Love is the center of our lives as Christians because it is the highest manifestation known of a living, loving God. How will you show you love God today? Think back at your last few posts on social media and ask, ‘do these images or posts show the world that I love them and myself’?

When was the last time you saw beauty in the eyes of the leper?


Franciscan Moments @ Saint Miriam: November 7, 2016



We lack a sense of civility lately, especially as a nation. I remembered when national elections, especially for the Presidency, was a time of excitement! Now, it is a time of derision and scorn. We have become what we feared most: a nation unkind.

A genuine love of God implies directly and implicitly that we will take that love and apply it to self and to neighbor; all neighbors, even the foreigner.  Even the most vindictive, mean-spirited, domineering person we are to love with a love of God and see God in them – as all of us are created – in the image and likeness of that God and consequently have we Catholics call ‘inherent dignity’.

Beneath their skin and ugliness that the world has helped fashion, are attributes of God waiting to be set free. Sometimes, the freedom to express that innate love has been enslaved or clouded, but that person you dislike or even hate is full of the potential to love and deserves dignity, kindness, and respect. If we believe in Christ then we believe Christ dwells in others, too.
Sometimes we feel that only Jesus was love made visible. But, in fact, Jesus did not change humanity, or add anything special to us when he ascended. Rather, Jesus made visible the love of God that never changes, never is corrupted or muted. God is love. Always. Period.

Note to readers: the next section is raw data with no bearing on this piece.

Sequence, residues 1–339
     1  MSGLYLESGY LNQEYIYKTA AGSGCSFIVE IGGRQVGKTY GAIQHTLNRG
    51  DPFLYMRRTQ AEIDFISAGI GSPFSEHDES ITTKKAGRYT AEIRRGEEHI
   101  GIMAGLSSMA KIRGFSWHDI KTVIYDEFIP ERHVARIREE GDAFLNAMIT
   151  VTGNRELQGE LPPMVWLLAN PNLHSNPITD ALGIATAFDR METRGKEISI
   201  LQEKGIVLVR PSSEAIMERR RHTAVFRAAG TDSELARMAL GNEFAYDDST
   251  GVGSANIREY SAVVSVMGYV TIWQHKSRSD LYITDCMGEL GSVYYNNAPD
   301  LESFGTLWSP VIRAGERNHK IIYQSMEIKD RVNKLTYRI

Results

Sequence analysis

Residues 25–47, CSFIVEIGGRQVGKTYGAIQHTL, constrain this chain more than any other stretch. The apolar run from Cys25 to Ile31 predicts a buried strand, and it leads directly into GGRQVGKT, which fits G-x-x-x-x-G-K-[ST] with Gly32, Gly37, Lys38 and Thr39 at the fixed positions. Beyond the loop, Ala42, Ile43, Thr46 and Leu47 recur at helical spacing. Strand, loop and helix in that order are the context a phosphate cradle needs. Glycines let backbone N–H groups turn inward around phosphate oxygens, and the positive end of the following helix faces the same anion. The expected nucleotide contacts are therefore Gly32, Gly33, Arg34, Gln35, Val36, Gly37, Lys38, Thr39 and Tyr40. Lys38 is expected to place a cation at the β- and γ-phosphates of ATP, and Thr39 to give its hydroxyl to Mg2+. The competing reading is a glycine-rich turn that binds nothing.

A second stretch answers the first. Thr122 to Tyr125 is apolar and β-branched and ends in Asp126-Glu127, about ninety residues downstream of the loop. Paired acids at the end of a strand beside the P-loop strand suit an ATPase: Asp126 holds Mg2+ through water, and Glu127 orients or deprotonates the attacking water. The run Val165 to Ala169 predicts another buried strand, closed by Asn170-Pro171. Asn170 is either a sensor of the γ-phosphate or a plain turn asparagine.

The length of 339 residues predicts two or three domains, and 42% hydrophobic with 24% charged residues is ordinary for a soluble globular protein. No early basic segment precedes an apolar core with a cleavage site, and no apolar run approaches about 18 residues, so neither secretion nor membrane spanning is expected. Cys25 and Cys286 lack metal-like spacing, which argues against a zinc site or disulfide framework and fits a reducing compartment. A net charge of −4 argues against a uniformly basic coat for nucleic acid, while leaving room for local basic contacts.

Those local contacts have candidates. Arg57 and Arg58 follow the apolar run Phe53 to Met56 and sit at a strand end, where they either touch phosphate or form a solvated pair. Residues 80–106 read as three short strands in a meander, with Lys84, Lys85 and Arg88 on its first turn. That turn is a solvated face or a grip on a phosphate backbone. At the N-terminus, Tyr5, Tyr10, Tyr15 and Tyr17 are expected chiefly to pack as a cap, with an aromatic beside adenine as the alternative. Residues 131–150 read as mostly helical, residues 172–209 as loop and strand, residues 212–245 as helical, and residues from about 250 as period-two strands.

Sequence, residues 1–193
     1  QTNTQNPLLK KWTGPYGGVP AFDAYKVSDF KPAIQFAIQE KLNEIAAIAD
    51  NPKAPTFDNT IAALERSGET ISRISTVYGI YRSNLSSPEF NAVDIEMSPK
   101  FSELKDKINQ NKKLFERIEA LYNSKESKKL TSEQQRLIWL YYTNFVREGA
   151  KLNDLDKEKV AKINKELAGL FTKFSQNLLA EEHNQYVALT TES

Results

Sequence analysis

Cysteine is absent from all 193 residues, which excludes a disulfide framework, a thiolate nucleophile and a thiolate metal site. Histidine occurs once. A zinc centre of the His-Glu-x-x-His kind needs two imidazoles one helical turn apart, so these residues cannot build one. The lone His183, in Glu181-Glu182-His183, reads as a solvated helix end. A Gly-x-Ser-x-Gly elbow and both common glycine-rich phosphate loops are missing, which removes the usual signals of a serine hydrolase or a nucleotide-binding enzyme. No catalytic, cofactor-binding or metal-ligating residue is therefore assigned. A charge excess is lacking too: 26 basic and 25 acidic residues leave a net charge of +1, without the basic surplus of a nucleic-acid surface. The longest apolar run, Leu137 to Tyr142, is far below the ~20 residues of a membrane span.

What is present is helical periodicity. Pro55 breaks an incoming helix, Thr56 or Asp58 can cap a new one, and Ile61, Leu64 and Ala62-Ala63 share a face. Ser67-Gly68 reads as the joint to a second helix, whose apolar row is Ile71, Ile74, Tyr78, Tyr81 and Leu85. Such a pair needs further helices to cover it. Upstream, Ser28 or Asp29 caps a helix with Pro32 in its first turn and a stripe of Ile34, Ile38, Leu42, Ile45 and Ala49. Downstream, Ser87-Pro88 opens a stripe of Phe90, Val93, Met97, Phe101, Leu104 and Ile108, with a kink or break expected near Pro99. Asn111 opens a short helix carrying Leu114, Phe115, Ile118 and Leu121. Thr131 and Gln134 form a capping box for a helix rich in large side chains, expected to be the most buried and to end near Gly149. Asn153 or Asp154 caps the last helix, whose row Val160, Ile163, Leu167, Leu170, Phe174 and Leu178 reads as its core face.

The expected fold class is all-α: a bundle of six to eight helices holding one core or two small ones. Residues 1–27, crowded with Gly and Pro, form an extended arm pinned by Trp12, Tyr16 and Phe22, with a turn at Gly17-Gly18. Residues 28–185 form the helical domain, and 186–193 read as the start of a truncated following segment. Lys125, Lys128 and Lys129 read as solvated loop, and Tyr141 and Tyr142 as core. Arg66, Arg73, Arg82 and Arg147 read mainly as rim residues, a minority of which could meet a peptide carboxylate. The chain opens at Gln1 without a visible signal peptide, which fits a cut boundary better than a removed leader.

Therefore, every human being is clothed in that love of God and marked to be made perfect; a human nature like that of Christ Himself. God’s intention is to fulfill that promise in heaven and until then we toil, yes, but we also love.

If I had to sum up the ideal at Saint Miriam and tie that standard to scripture I would say, “But I say to you that listen, Love you enemies, do good to those who hate you, bless those who curse you, pray for those who abuse you, offer the other cheek to those who strike you, and for anyone who takes away your cloak, offer them your shirt, too. Give to those who beg, and love with wild abandon.”

St. Francis once said, “A single sunbeam is enough to drive away many shadows.”  How will you be kind today to allow the light of God to enter the world?

Instead of posting that next divisive Meme of Facebook or making that volatile Tweet, why not just stop and pray this prayer today and then find someone to love and be kind, too, and watch how the world changes this week…for them, and for you!

“Teach me, Lord, to look deeply into others whom I meet today. Allow me to look behind the grumpiness and awkward words or even meanness and see Your face. Then, allow me to be kind.”

Franciscan Moments @ Saint Miriam: October 31, 2016

St. Francis said that “All brothers ought to preach by their actions.”  That is why living the Gospel should change us and the world and what we believe should be seen in what we are
We sometimes fail to realize the impact we have on others. After all, we reason to ourselves, they pay so little attention to us. We fall into a false complacency and think our actions or beliefs or attitudes or words have so little influence. But, in reality, they carry a wave of impact and change on their heels that impact generations yet unborn.